A view of Sharjah Cattle Market.
Jamil Khan, Senior Reporter
Traders in the local cattle market located in Sharjah have been advising early customers of sacrificial animals for Eid Al Adha to wait till next week as the shipment of livestock from India arriving soon.
The market situated adjacent to the Rolla Bus Station in Sharjah has been one of the biggest solutions for the faithful to complete their religious obligation of sacrificing an animal on Eid Al Adha.
The Eid is due in next two weeks but still the number of sacrificial animals are less and very few people visiting the ‘early market’ to check the prices and the availability of ‘good’ animals.
“In the regular condition, we used to ship livestock through ships from neighbouring countries as well as different Africa countries like Somalia and others. But due to the hot weather and restricted movement in the sea most of the traders are opt to import livestock by-air,” Mohiuddin, a livestock trader in the market for 19-years, told the Gulf Today.
He further said that “in this scenario of by-air transportation of livestock prices will be almost double. Every goat has to transported in a wooden box and a ticket approximately Dhs300 to Dhs450 based on their weight will be added into the price and other expenses live food and taking care,” he said.
He mentioned that currently the market is full of local variety of goats priced at Dhs550 to 700 while livestock from Syria is available for Dhs450 to Dhs600. “The sheep from Syria is currently available on Dhs1,300 but ahead of Eid Al Adha reached upto Dhs1,500 or more because of the expenses. Once the Indian stock arrived we are expecting the price will reach around Dhs1100 to Dhs1500 per goat to include all the expenses of air transportation, food and others,” he added.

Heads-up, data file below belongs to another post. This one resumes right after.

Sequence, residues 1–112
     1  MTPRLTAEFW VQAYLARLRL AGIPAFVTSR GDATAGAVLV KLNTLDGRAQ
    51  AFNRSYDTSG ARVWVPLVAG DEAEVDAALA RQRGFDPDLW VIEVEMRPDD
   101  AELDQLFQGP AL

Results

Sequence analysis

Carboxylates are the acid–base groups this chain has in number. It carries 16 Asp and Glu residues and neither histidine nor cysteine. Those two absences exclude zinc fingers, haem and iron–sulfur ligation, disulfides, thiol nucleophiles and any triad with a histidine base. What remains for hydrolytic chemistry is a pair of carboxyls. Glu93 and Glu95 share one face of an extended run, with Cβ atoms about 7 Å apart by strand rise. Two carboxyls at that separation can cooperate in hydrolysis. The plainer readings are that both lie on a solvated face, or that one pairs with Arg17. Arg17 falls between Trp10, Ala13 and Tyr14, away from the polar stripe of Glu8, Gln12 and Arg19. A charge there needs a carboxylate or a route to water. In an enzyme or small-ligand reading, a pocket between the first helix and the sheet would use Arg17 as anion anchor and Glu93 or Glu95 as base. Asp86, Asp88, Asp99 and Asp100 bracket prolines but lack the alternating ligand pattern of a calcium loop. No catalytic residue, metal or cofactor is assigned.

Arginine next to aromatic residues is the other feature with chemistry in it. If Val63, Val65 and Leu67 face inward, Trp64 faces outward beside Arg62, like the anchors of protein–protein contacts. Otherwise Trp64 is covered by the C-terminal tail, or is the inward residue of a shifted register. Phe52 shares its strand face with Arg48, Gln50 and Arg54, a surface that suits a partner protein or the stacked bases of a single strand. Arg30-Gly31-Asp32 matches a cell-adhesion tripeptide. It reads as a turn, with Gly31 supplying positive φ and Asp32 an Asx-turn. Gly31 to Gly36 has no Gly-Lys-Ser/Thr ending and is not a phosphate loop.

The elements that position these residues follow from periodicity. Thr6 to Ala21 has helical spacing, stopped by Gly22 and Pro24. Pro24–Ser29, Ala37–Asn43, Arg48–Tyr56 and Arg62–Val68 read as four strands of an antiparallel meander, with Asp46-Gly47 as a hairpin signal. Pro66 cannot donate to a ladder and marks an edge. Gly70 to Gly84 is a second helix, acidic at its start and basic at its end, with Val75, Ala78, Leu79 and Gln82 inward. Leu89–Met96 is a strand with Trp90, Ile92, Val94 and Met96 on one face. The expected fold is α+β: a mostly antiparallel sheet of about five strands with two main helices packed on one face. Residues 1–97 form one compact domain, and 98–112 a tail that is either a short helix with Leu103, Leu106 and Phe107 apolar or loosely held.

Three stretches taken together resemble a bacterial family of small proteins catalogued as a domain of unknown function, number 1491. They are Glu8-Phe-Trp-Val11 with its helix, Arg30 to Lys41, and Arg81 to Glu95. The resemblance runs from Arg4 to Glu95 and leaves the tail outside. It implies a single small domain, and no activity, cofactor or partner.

Another trader from Pakistan, Abdul Razzaq, have been trading livestock for the last over three decades said they are waiting for the stock arriving from India by-air.
“We are like many traders in the market waiting for our stocks coming from India on plane. Earlier we import from Pakistan but this time due to the hot weather there is no ship arriving and the livestock from Pakistan also cost more as compare to India,” he said.
Ijaz Ahmed told that they are waiting for customers for cow which they imported earlier from Pakistan for Eid Al Adha.
“Being in the market, we have a good number of customers from locals to expatriates who prefer Pakistani cow to sacrifice on Eid. Ahead of the Eid the prices of big animals also increased as well other livestock like goats and sheep mainly for the expenses we spend on their food as each cow being bear Dhs15 worth fodder everyday and its is also imported,” he added.
The price of a Pakistani cow is currently around Dhs6000 to Dhs7000 of around the weight of 160kg to 300kg while local cow will cost around Dhs10,000 as most of the prices based on their weight, he said.
He further pointed that local farms are based in mostly in Abu Dhabi, Al Ain, Al Dhaid, Fujairah and Umm Al Quwain where a number of locals and expatriates have set up huge farms and run throughout the year to fulfill the daily needs of residence.
Recently, the Ministry of Health and Prevention (MoHAP), has issued a warning against the risks of the Crimean-Congo Haemorrhagic Fever (CCHF), virus, caused as a result of the indiscriminate slaughtering of sacrificial animals at homes or by unauthorised street butchers.
Such illegal slaughtering cases have been on the rise, especially with the approach of Eid Al Adha.
CCHF is classified among the list of priority diseases. If a person is infected with the virus, it should be reported within 24 hours so that the relevant authorities can undertake rapid intervention for epidemiological surveillance.
Dr. Fatima Al Attar, Director, International Health Regulations and Pandemic Control Office, said that Crimean Fever is transmitted to humans through a tick bite, or by direct contact with the blood or tissues of infected animals during or immediately after slaughter.
The virus can also be transmitted from one person to another through direct contact with the infected person’s blood, secretions, organs or other body fluids.
Al Attar emphasised the importance of visiting health authorities and notifying them of the previous infection and its accompanying symptoms within two weeks of being exposed to the pathogens.
Crimean Fever symptoms include fever, muscle pain, dizziness, neck pain and stiffness, back pain, headaches, eye inflammation and sensitivity to light.
Symptoms that may appear at the onset of the disease include nausea, vomiting, diarrhoea, abdominal pain and a sore throat.
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